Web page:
Bill Frisell Credit: Daniel Sheehan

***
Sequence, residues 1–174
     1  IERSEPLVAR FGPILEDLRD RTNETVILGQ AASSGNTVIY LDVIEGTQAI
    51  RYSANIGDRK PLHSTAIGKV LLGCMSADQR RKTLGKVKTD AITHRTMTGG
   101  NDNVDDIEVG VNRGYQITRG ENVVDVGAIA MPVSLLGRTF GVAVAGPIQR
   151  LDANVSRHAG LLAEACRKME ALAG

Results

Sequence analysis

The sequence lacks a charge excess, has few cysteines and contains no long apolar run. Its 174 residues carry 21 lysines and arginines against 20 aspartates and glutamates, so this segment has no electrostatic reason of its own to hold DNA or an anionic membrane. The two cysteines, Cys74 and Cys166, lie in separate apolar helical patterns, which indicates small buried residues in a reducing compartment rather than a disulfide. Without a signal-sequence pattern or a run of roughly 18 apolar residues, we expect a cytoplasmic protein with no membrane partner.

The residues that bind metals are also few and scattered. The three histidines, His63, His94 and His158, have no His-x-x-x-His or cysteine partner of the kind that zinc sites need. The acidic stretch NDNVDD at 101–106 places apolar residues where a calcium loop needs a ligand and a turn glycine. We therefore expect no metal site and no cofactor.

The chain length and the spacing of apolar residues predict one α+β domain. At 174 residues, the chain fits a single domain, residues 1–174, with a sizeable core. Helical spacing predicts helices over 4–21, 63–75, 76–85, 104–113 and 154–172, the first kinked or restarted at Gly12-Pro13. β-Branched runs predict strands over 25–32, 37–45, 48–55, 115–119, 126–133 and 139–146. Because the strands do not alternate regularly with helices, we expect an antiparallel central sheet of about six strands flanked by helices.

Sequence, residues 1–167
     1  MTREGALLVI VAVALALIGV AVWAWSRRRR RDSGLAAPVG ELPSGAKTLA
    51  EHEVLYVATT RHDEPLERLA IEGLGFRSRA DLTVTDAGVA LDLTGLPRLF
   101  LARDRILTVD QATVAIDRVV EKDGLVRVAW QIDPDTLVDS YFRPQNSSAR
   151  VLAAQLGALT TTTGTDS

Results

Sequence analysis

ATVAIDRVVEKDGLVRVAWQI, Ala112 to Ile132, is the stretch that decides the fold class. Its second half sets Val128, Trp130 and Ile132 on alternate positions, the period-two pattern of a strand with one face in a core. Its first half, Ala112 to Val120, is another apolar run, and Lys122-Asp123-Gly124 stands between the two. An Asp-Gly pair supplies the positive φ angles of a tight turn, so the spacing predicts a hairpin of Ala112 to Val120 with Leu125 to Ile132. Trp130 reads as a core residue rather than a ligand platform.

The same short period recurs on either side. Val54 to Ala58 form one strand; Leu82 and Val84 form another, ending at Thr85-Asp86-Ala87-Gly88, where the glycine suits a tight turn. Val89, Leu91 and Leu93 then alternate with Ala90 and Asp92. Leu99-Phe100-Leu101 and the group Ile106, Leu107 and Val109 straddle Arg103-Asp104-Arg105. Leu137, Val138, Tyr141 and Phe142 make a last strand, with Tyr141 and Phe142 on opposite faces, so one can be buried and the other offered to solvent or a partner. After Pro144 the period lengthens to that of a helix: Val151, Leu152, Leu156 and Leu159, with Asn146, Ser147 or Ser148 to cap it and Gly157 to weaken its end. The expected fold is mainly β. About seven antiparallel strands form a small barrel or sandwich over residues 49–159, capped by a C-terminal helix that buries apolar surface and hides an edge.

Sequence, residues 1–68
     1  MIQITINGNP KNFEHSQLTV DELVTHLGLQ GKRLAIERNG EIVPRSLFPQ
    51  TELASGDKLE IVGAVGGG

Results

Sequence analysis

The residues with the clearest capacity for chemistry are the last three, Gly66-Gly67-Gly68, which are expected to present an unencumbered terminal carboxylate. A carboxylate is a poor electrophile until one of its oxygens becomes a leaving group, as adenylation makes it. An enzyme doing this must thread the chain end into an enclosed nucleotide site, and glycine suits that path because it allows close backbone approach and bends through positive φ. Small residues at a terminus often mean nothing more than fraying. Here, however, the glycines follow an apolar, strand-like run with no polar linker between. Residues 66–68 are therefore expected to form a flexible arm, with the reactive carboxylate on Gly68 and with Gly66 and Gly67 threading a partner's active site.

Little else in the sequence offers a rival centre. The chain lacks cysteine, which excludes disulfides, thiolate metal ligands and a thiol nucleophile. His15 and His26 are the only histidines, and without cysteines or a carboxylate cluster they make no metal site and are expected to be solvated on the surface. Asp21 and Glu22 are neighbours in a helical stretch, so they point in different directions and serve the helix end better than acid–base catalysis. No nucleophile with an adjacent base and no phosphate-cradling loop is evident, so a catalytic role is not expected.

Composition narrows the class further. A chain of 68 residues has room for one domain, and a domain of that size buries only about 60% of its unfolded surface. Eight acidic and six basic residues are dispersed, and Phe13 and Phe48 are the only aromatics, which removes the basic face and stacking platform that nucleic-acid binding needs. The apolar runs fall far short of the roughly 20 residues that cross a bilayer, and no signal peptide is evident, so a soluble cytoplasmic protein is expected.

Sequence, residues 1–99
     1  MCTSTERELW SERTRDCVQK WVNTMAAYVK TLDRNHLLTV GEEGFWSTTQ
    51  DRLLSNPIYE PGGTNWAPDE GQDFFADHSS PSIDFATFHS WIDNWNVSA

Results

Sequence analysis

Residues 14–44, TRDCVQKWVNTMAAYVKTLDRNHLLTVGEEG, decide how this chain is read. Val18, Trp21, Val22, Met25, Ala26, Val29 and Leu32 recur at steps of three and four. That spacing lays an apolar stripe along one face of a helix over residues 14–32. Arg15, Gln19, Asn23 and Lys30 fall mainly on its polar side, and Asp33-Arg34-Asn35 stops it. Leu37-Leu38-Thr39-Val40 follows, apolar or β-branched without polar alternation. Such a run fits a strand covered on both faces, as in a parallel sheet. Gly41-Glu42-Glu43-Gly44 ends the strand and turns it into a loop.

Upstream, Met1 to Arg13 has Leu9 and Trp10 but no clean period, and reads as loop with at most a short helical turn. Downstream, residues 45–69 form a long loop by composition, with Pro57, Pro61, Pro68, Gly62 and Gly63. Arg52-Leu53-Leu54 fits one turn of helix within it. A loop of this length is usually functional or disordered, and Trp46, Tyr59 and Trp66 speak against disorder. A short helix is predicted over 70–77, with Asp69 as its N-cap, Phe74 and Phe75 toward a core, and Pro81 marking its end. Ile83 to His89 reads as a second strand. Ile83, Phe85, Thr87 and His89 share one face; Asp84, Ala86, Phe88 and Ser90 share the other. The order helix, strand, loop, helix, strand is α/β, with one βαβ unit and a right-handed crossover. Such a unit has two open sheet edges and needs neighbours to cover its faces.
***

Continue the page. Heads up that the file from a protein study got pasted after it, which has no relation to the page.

Few musicians have built as distinctive a sound world as guitarist Bill Frisell. Though he’s ostensibly a jazz guitarist, since the early 80s he’s funneled a wide variety of influences and ideas from country, rock, noise, and various international traditions into an aesthetic as American as anything forged by Sousa, Presley, or Copland. Though specific projects such as film scores or songbooks constantly shift his focus in the short term, a macrosweep of his oeuvre shows how earthy twang, melodic wanderlust, and humid atmospheres infused with the wide-open spirit of the plains meld in his recordings. Earlier this year he released a spellbinding solo guitar album, Music Is (Okeh), a luxuriant survey of older original tunes along with some new ones. The project was sparked by an air of spontaneity that coursed through the guitarist following a weeklong solo residency at the Stone—the New York not-for-profit avant-garde and experimental space programmed by John Zorn. From piece to piece he deploys his singular mastery of looping and ethereal effects to weave together indelible melodies and haunting moods. There’s no missing the Wes Montgomery flavor in his chords on “Ron Carter,” a composition he’s recorded several times before. The biting distortion on “Think About It,” for which Frisell stuck an amplifier inside an upright piano, functions as a palate cleanser in reverse—adding funk and grime instead of dissipating it. “In Line” is a dizzyingly multilinear re-up of the title track of his 1983 ECM debut (much of which was also played solo) with ever-mutating melodic tendrils cascading in multifarious tangles. Taken as a whole the album beautifully encapsulates Frisell’s depth and range in all its meditative glory. This evening he returns to Chicago with two of his strongest collaborators, bassist Thomas Morgan and drummer Rudy Royston.   v